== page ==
Rian Johnson is one of the more fascinating filmmakers to listen to not only because he is a film geek and loves movies, but because he took a very traditional and then non-traditional path to success. After attending film school at the University of Southern California, he spent most of his 20s floating around Hollywood until he finally made his first feature, Brick. His third feature, Looper, is now in theaters, but last year he sat down with MakingOf to talk about screenwriting and directing, and some of the ways he approaches his work. Below is another interview with Johnson and his long-time friend and leading man Joseph Gordon-Levitt.
Thanks to Scott Myers at Go Into The Story for posting this one:
Video is no longer available: www.youtube.com/watch?feature=player_detailpage&v=gux9zyFPDeA
Sending out the script to anyone and everyone is not an approach that most people take, but since the manager/agent thing didn't work for him, he had to find a different way to get himself in front of people. He does make a great point, though, that you never know who someone else might know. Anyone can literally know anyone, and it's impossible to predict who might like your script or where you script might get in front of. Most people seem to be worried about their script ideas being stolen, but I guess when no one wants to make the movie as-is anyway, it's probably less of a concern.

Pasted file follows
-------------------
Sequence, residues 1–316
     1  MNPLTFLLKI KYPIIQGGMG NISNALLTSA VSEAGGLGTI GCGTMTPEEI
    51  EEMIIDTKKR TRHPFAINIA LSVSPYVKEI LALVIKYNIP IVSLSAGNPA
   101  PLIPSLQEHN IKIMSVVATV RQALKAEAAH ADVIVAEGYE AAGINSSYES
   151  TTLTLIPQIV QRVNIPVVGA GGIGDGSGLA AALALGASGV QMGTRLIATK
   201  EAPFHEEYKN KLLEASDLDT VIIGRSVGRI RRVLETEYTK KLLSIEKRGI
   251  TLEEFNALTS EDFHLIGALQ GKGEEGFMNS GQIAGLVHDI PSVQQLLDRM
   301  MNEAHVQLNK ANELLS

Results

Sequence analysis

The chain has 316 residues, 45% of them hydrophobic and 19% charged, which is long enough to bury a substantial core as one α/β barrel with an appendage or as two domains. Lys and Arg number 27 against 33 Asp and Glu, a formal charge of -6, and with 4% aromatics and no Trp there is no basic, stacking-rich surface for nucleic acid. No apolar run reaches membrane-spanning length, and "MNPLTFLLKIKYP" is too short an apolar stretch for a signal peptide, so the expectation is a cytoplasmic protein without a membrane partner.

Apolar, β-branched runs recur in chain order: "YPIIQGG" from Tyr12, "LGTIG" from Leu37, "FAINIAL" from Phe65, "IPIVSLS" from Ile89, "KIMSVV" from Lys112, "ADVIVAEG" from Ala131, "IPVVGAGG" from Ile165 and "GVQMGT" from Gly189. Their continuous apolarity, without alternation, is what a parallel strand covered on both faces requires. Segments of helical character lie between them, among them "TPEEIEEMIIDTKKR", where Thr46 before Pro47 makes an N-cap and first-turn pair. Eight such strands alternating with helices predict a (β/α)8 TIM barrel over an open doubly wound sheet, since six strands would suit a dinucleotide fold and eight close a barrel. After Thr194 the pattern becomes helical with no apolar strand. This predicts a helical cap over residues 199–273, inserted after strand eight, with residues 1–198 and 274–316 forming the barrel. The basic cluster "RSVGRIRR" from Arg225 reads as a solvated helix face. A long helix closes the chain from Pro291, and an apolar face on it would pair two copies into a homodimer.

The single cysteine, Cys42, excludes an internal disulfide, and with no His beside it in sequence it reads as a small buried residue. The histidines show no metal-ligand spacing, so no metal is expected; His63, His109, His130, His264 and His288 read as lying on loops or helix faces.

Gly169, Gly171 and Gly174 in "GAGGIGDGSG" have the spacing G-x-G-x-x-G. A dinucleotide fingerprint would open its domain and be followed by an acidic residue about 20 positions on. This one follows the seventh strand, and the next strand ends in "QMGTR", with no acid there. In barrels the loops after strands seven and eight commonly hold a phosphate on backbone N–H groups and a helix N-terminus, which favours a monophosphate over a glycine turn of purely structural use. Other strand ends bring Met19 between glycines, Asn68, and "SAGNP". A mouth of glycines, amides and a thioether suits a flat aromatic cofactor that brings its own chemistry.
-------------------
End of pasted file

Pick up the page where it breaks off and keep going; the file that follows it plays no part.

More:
One of the more interesting parts of the interview is that he talks about how the process of making films is relatively unchanged regardless of budget. This is something I've heard over and over again, and while I can't confirm it as complete fact since I haven't directed a movie costing millions upon millions of dollars, a lot of what goes into movies is about organization. Since scripts are broken down and scenes are shot in manageable parts, the actual process of filmmaking all comes down to how well your crew is working together. With a bigger film, the mistakes matter a lot less, however, since there is more money to throw at problems, but it's interesting that he mentions that same idea in both of these interviews.
I think his approach to script breakdowns is also interesting, as he draws what he sees in his head, regardless of the quality. It's important to have a good working relationship with your crew, and there's no question that's why he's continued working with the same people over and over again. His humbleness is certainly appreciated, and his ideas about finding your voice are very important for anyone who wants to make a career out of filmmaking. Knowing what you want to do and what drives you can help sustain you creatively.
The DP/30 interview from David Poland has less practical knowledge, but still has some interesting moments:
Video is no longer available: www.youtube.com/watch?feature=player_detailpage&v=lLl5yDyc4Vo
As Rian says, he is very accessible, and there is a very active forum on his website. You can find that link as well as the other links below.
I saw looper the other day. Cinematography was beautiful- pretty anamorphic flares everywhere, and the lighting in the farm kitchen scenes was really well done. plot was functional, nothing special though. had rising action/falling action and everything was in check with typical hollywood structure. The one thing that bugged me was the set design- some of the cars were sick and futuristic and then some of them were just painted over toyotas or subarus. Same with the fashion, some characters had cool future outfits and then some of them wore normal 00's clothing- that felt awkward, I mean, do people dress like the 20's regularly today?